What are your training dogmas

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Deleted member 5559

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I don't know if there are many training ideas, philosophies, or concepts that I've remained dogmatic about over the course of time. Generally, I change my mind about things over time as I learn more but I suppose there are a couple things I fall back to when in doubt about something.
  • You gotta do the work. Effort trumps intelligence.
  • Increase volume before intensity
  • Do what needs to be done. To run fast, run fast; to lift heavy weights, lift heavy weights
What are you dogmatic about regarding training? Have you been through cycles of those changing to revisit things you once thought before?
 

Tim Randolph

Level 6 Valued Member
My prime directive is to train in a way that minimizes the risk of injury or exhaustion. Being put out of commission for four or six weeks is way too big a setback plus no fun.

This doesn’t mean I need to do anything differently than what Strong First and Pavel specify. Only that I need to pay attention to the details and my body.

Edit - just saw the phrase “First do know harm” and realized that classic piece of wisdom encapsulates what I am getting at above.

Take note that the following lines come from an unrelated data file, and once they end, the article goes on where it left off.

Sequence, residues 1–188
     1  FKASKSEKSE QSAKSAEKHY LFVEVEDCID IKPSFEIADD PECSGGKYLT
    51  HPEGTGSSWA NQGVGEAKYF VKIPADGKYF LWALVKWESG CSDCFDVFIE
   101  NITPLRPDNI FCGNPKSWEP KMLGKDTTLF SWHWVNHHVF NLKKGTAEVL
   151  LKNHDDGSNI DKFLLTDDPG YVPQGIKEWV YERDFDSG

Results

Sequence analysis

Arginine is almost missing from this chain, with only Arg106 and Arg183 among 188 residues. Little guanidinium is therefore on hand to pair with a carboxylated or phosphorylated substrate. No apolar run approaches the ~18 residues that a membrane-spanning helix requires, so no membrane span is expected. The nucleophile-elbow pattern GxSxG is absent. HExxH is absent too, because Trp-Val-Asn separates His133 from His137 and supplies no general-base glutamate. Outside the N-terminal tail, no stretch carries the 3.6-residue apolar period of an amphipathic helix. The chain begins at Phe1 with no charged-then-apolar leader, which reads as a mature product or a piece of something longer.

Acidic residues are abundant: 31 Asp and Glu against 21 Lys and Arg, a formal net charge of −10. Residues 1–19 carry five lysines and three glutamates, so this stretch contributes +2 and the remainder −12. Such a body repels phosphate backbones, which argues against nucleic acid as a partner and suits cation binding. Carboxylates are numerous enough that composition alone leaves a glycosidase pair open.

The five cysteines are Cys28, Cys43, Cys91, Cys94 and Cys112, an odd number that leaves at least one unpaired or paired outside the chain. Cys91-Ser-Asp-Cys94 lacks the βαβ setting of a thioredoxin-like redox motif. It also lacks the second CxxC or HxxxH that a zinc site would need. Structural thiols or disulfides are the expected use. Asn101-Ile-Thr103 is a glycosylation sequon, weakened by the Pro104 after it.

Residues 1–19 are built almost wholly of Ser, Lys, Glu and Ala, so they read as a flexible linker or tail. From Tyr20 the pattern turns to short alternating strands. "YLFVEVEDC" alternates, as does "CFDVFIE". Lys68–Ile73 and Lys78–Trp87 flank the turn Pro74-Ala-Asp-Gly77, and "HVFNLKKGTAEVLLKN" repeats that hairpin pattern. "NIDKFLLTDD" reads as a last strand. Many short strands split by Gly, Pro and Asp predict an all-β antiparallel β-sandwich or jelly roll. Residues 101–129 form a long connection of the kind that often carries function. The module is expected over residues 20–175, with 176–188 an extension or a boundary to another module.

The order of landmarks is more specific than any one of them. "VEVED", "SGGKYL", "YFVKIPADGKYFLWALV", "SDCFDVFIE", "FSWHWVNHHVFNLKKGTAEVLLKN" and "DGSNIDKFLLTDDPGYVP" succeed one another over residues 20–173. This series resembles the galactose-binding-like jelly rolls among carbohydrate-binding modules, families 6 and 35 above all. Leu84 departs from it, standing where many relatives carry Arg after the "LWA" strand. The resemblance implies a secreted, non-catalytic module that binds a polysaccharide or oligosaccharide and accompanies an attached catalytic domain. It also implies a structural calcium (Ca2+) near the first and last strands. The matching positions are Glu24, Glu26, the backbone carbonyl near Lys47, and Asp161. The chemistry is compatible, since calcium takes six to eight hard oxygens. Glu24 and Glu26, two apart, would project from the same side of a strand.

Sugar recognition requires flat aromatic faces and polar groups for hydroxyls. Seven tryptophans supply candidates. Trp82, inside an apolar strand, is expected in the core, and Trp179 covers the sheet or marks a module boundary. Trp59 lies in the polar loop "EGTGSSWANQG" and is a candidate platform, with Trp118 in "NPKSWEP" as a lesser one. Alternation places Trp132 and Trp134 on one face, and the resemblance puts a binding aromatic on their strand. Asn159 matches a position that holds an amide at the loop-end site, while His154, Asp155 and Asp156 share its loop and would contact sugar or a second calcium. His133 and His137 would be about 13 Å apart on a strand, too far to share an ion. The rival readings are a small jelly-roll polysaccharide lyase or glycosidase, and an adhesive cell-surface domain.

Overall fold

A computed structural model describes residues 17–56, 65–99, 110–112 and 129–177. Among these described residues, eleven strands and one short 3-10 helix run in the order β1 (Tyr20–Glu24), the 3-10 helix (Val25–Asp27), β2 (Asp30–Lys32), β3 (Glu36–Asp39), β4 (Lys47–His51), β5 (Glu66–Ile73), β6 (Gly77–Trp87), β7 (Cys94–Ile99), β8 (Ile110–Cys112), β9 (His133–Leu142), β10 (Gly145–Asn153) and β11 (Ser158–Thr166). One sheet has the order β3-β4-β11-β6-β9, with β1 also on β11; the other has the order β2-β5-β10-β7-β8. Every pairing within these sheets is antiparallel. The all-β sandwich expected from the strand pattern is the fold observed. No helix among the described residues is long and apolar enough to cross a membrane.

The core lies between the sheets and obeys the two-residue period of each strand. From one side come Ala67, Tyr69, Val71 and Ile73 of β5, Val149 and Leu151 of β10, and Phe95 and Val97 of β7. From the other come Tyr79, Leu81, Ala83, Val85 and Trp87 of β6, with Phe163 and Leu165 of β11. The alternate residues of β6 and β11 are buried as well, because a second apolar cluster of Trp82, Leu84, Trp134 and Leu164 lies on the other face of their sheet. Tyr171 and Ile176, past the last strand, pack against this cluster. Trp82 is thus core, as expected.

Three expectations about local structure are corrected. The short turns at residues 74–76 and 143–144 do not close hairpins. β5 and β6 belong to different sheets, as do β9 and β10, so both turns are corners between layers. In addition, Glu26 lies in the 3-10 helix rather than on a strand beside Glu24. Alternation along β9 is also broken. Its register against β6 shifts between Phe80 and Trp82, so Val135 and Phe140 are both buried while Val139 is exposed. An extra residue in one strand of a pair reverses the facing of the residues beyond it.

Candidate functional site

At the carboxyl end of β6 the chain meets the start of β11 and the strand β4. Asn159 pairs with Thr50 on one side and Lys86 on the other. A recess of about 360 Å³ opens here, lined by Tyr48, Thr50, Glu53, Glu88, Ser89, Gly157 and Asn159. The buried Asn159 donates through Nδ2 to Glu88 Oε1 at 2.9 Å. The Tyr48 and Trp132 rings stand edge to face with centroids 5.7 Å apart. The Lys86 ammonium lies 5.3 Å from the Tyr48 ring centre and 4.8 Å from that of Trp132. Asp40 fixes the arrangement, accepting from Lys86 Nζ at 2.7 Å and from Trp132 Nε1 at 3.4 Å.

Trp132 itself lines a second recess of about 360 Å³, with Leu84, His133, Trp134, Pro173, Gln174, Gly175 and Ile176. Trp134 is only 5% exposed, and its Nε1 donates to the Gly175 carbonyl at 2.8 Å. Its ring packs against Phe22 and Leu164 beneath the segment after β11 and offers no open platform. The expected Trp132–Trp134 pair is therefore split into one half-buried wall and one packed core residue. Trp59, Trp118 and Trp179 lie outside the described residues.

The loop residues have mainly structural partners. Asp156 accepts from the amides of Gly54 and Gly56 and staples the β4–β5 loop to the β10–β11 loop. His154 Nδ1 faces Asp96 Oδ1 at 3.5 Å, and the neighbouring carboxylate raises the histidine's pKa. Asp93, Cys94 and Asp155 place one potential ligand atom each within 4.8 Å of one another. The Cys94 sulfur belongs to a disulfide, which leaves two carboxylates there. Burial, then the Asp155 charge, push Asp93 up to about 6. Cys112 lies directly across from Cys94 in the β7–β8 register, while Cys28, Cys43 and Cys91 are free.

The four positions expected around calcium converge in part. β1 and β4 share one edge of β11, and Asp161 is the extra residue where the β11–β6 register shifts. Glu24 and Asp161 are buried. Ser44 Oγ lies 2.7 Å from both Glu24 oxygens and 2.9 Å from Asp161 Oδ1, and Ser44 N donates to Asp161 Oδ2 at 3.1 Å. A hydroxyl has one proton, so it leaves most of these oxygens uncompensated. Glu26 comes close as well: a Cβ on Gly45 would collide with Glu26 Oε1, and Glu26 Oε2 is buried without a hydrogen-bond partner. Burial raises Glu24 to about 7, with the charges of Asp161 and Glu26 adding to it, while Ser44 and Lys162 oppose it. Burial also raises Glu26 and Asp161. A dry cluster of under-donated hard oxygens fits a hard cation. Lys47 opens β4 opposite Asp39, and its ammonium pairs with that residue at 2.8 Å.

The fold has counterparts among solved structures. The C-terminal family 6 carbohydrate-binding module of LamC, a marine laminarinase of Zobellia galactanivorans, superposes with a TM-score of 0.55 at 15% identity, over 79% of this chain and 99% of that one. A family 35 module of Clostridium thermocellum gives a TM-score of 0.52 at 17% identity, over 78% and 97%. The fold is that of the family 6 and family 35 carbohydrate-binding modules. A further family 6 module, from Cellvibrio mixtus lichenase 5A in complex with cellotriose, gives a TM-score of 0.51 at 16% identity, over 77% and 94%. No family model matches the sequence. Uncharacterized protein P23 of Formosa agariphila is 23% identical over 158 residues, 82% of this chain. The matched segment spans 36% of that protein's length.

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WhatWouldHulkDo

Level 6 Valued Member
This is interesting for me to think about how my dogma has changed.

Younger me:
If you aren't going hard, you're wasting your time
Powerful = useful
Train the way you compete: bring the intensity

Current me:
If you are hurting yourself, you're wasting your time
Strong + endurant = useful
Train the way you live: enjoy the challenge. Save the intensity for showtime.

Always:
I train to perform better, not to look good. I just look good naturally. :p
Put yourself to the hazard - risk drives reward
Burgers and beers taste twice as good after training hard
 

Bauer

Level 6 Valued Member
Keep showing up.

This includes:
  • Little and often over the long haul
  • Consistency trumps intensity
  • Your sessions should be repeatable
  • The goal of the game is to keep playing the game (infinite game)
  • You should feel better after a session. It feels good to feel good.
Also, do less things, but do the right things.
Focus on the basics.
Start where you are.
Trust your mentor, follow the instructions. (But listen to your body.)
Choose the right tool for the job.
 
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Anna C

Level 9 Valued Member
Elite Certified Instructor
Know and trust yourself... Keep a log, always be learning, and listen to your body.

But get a coach or at least an outside opinion sometimes... Because you're not always right about what you can or should do.
 

North Coast Miller

Level 7 Valued Member
Well, sometimes the minimum is still a lot of work!

In the past I did multiples of what was needed, something I didn't realize until I started training for and paying attention to the response. After a certain point you're only torching calories and whipping up more cortisol, body can only adapt to so much per dose.
 
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